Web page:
Lawyers in George vs. Councilman Wilson case agree on important issues

VERO BEACH — The lawyers for and against Vero Beach City Councilman Charlie Wilson agree on two things — the facts are indisputable and the issue is all about interpretation.

Judge Paul Kanarek will preside over the case on Dec. 2 at 1:30 p.m. and is expected to take testimony and hear arguments at that time. His ruling, however, is not expected until later.

“We don’t know what’s going to happen,” said attorney Buck Vocelle, who is representing plaintiff Dian George. Councilman Wilson’s attorney, Charles Sullivan Sr., said he believes they will have enough time to prepare for the hearing, despite having one week from filing the response.

 

Sullivan said that there are no facts in the case that are in dispute, only that the city’s charter is open for interpretation.

It was “very poorly drafted,” Sullivan said, leaving it open to challenge. He added that the judge would have to determine whether the code is too vague to enforce or not.

At issue is the city charter’s requirement that council candidates live one year within the city “as of” the qualifying period.

George, and the city’s Canvassing Board — which was also named in the suit — argue that “as of” means immediately prior to the qualifying period.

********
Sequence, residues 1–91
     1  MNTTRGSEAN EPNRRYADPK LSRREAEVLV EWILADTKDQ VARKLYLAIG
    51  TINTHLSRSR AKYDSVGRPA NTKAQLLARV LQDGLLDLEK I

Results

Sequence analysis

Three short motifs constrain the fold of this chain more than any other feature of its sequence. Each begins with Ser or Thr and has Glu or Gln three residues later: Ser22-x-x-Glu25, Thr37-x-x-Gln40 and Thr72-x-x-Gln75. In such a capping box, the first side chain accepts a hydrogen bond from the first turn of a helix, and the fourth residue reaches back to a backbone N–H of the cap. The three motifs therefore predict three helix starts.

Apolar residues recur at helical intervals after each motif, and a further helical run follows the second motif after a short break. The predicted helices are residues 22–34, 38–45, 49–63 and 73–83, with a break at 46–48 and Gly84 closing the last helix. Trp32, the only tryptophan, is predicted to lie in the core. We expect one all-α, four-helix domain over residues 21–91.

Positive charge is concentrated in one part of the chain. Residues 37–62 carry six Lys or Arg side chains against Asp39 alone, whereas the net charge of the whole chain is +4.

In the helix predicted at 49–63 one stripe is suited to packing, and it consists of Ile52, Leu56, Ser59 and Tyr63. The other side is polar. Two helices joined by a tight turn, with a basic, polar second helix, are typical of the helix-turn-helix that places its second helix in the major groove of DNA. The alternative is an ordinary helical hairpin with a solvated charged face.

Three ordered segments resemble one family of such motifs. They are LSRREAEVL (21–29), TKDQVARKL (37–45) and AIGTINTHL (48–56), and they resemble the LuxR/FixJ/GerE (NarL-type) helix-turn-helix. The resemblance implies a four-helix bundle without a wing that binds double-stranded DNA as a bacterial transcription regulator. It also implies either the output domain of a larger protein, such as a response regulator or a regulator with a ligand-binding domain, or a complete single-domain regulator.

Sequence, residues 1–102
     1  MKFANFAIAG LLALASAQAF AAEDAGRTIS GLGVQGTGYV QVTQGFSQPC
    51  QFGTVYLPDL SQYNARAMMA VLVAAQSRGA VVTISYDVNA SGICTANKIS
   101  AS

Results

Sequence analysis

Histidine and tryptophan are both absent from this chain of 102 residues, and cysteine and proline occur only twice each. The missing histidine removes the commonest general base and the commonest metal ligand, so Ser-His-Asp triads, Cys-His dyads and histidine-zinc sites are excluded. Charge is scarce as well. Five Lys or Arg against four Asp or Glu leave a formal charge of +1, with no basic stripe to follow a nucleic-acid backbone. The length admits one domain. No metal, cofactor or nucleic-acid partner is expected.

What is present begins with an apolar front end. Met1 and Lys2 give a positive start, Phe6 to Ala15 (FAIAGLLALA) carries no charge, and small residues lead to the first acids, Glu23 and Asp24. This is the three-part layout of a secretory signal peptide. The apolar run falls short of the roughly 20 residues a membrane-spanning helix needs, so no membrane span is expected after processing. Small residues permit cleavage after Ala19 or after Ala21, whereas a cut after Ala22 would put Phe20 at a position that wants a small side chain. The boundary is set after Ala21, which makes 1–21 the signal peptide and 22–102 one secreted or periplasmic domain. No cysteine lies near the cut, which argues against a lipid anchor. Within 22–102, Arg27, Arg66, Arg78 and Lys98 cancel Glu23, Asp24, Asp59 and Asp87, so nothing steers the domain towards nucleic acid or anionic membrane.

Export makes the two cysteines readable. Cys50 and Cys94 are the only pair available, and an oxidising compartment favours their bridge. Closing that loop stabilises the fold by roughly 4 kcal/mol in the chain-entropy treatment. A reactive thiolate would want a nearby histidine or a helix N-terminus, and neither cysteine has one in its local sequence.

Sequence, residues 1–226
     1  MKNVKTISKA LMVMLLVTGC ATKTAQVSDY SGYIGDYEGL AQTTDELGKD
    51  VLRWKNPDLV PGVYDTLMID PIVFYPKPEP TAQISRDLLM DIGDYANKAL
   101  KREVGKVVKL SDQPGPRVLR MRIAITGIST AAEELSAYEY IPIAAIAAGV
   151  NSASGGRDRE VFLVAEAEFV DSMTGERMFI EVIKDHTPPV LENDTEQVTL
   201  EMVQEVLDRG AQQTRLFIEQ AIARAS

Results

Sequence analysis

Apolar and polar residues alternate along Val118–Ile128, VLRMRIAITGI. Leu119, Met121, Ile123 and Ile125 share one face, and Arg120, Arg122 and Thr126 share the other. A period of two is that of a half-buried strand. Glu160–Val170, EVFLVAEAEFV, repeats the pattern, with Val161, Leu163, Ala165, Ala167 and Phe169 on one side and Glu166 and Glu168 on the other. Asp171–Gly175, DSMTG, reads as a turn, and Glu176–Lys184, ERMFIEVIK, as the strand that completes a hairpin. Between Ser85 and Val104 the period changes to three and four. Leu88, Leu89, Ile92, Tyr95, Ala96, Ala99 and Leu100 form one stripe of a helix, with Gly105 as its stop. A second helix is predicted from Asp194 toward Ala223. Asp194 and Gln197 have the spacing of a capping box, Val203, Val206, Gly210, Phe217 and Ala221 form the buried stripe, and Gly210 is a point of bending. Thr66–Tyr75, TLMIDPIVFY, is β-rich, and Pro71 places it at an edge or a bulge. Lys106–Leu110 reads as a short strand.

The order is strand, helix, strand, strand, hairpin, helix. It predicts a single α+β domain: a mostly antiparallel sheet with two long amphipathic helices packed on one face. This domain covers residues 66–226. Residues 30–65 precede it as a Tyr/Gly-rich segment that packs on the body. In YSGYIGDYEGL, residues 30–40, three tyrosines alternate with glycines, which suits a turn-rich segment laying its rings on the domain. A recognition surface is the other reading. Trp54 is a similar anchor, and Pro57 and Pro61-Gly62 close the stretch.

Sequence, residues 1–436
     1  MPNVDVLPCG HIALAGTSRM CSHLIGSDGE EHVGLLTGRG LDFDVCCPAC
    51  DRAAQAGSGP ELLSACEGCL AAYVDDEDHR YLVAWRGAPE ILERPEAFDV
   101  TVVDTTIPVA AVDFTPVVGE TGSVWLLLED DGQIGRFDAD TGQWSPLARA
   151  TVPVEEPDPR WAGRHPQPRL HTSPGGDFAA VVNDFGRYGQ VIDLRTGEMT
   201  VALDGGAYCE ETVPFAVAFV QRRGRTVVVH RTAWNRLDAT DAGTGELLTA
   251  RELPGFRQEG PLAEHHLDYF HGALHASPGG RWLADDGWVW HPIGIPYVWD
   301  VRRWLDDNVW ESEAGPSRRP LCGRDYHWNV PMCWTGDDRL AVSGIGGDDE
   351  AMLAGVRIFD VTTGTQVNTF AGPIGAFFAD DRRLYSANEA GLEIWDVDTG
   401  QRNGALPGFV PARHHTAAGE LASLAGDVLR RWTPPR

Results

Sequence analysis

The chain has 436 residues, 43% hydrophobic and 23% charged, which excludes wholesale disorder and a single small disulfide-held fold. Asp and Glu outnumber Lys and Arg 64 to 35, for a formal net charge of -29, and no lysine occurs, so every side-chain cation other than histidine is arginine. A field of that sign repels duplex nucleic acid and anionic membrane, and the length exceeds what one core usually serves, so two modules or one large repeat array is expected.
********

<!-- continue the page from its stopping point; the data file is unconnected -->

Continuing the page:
Wilson has maintained that it simply means the candidate must have lived for one year within the city at any time prior to the qualifying period. Wilson has done that, though not during the year leading up to the Sept. 4 cut-off for filing to run for office.

Wilson is a “persona non grata” in the city’s government, Sullivan said, because Wilson is pushing for the city to operate more efficiently than the status quo wants.

“This is an attempt to defeat the public will,” Wilson’s attorney said, noting that Wilson was the top vote getter in the Nov. 3 municipal election.

Vocelle had told VeroNews.com earlier that a hearing would not be scheduled until after all parties in the lawsuit had filed their responses. Wilson is expected to file his response today.

Vocelle explained that his office staff worked with Judge Kanarek’s staff to set the hearing for Dec. 2.

“We’re entitled to an immediate hearing,” Vocelle said.

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